Breaks & Bass - Single Reviews - 597 | Skip to main content

Singles - Breaks & Bass - Issue 597



White Label

There’s a number of artists in contention for 'most original', but it feels to me that Left/Right is always one step ahead of the game. When it comes to making those emotive bangers that transcend the oversaturated tropes of modern dance music, he’s quite simply on another level. This is his most audacious beat to pop in a hot minute. Featuring some seriously obnoxious low-end heat and attitude, but rooted firmly in the tasteful fields of authenticity, thanks to his trademark bank of boundary-pushing minor key atmospherics and melodies, this is a top five tune of the year.



Boss Mode

After a couple of years in obscurity, it’s dope to see that the lights are back on at Boss Mode, one of the scene's most imposing labels, and a personal fave. With good looks comes good sounds, and this new beat from Pressa brings all kinds of waves to the party. This is a raw, Amen riddled beat with, dare I say, a Prodigy 'Experience' vibe. Guaranteed to have the whistle crew on lockdown.


'ADSR (Leeroy Thornhill Remix)'

Dependent Records

I bought my first Empirion record back in 1996. Their 'Firestarter' remix was a pivotal part of my childhood, so it’s with this in mind that I’ve been so excited while listening to these new beats. Their 'ADSR' release has dropped Empirion right back onto the front-lines where they belong, and with wicked mixes like this one from national treasure Leeroy Thornhill, I’d say they're back to stay. Iconic remix for some real OGs of the scene.


'Back To The Motherland'

Beyond Records

Aciiiiiiid! It’s so good to hear tunes like this getting some shine after negligence from the public at large for far too long. The solid kIck/snare beat vs 303 lead-line combo has always been a force to be reckoned with, and dynamic Leeds duo Prospa have modelled this tribute into something undeniably fat for your soundsystem. Prospa becoming serious head turners this year, look out.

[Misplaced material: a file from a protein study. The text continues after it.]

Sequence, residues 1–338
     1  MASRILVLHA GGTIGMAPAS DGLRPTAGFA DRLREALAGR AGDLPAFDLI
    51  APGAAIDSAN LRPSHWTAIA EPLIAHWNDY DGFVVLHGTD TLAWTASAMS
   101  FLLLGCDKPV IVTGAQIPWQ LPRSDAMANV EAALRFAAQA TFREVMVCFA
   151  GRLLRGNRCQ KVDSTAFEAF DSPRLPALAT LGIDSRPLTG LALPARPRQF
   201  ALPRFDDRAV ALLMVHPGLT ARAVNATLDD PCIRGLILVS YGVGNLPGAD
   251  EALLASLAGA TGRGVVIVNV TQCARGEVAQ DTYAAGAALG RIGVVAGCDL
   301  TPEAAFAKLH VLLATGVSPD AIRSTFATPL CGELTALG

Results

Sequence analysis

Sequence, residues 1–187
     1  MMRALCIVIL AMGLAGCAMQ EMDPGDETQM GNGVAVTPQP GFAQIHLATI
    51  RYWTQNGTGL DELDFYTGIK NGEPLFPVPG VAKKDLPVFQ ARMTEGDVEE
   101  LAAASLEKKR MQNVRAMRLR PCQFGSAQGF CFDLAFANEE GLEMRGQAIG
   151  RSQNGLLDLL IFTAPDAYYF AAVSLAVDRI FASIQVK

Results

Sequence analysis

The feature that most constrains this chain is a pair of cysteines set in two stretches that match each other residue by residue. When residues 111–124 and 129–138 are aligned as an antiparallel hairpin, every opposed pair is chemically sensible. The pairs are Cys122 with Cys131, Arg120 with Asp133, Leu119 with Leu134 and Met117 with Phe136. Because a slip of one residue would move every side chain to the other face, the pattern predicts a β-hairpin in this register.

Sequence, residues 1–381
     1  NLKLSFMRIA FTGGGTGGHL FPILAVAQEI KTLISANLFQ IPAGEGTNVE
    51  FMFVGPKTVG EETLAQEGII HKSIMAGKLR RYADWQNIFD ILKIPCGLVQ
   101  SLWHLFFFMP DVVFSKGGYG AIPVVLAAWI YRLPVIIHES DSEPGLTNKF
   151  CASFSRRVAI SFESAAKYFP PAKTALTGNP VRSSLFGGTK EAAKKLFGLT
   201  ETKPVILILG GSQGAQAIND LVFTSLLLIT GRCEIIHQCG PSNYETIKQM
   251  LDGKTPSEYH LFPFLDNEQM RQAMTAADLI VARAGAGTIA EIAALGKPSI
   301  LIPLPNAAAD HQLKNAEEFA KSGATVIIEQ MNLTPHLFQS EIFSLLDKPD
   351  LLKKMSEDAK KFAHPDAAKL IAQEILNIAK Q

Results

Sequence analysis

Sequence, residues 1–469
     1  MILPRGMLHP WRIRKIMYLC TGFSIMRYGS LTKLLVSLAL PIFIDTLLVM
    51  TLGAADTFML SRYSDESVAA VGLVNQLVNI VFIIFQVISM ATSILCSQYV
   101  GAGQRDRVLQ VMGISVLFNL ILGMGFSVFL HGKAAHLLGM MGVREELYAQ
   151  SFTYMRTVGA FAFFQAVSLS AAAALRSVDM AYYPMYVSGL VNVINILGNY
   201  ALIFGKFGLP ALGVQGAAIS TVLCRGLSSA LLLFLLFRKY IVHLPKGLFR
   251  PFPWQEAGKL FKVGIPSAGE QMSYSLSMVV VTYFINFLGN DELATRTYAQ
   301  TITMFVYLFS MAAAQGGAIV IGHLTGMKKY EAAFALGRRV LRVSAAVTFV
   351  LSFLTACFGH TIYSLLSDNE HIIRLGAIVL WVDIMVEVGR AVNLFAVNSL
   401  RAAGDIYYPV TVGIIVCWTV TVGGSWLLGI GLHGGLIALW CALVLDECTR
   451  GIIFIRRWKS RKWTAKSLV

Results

'Freedom Song '

Another Rhythm

A full opening minute of four-four kicks suggests that this one was written as a curve ball for the house heads. But, with a solid five minutes of "golden era” breakbeats soon taking centre stage, this is a festival anthem in the making if I’ve ever heard one. There’s no denying that the “feel-good” piano sound is still sounding fresh when pinned to an appropriate backdrop. Can’t wait to hear this in the fields.

Figures of Eighty



Dystopian soundscapes as good as these are capable of transporting you straight to the futuristic battlefields of 2076, where Zuckerberg's army of drones have finally waged war on that civilian uprising they've been worried about. Featuring colossal shellfire booms, and dissonant military vox, when this tune drops, it’s easy to imagine yourself right there, fighting the droid army on your way to blow up the mainframe. Another pure fire release from FOE.




Negativ's beats punch well above their weight. Their notoriously slick programming consistently places them among the scene's heavyweights, and rightly so. This latest offering via the super-team at Brøken delivers snappy drums, raw Amen breaks, laser-dipped bass leads and a sparse low-end energy that could knock you out. Extra points added for finding a sound that hasn’t been rinsed in 2019.

Fresh By 6

'Superstars feat Dylan Wilde '

Dance Concept

This really is a fantastic record from London outfit Fresh By 6. Pulling influences from that early noughties big beat pool of awesomeness, they've conjured up an authentic jam that naturally flatters that era more than I could have hoped for. Drums, melody, vibes, all on-point; and more importantly, these guys are clearly fantastic songwriters. Echoing Chemical Brothers, Rone, Basement Jaxx and all that good shit, these guys kick arse.

Lenny Kiser


Trippy Ass Technologies

Trippy Ass Technologies are on an absolute tear right now. There’s something about these minimal/analogue beats that’s bringing some seriously fresh and tasteful vibes to the scene. This new one from Lenny Kiser is a perfect example of that: a HUGE, rising sub bass synth glues a bank of sparse, trancey lead lines and a basic drum track together perfectly. One of the more beautiful soundscapes I’ve heard this year.